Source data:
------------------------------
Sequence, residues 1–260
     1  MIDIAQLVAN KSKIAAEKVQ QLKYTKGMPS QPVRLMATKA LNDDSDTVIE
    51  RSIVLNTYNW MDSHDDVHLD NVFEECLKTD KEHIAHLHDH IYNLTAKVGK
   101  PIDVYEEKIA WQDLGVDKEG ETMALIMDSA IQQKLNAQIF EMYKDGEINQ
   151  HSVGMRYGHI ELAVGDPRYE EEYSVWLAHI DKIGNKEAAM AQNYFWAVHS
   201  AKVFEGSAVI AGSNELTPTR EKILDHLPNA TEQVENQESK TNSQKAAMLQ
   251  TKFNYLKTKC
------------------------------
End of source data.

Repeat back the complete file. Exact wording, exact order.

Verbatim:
Sequence, residues 1–260
     1  MIDIAQLVAN KSKIAAEKVQ QLKYTKGMPS QPVRLMATKA LNDDSDTVIE
    51  RSIVLNTYNW MDSHDDVHLD NVFEECLKTD KEHIAHLHDH IYNLTAKVGK
   101  PIDVYEEKIA WQDLGVDKEG ETMALIMDSA IQQKLNAQIF EMYKDGEINQ
   151  HSVGMRYGHI ELAVGDPRYE EEYSVWLAHI DKIGNKEAAM AQNYFWAVHS
   201  AKVFEGSAVI AGSNELTPTR EKILDHLPNA TEQVENQESK TNSQKAAMLQ
   251  TKFNYLKTKC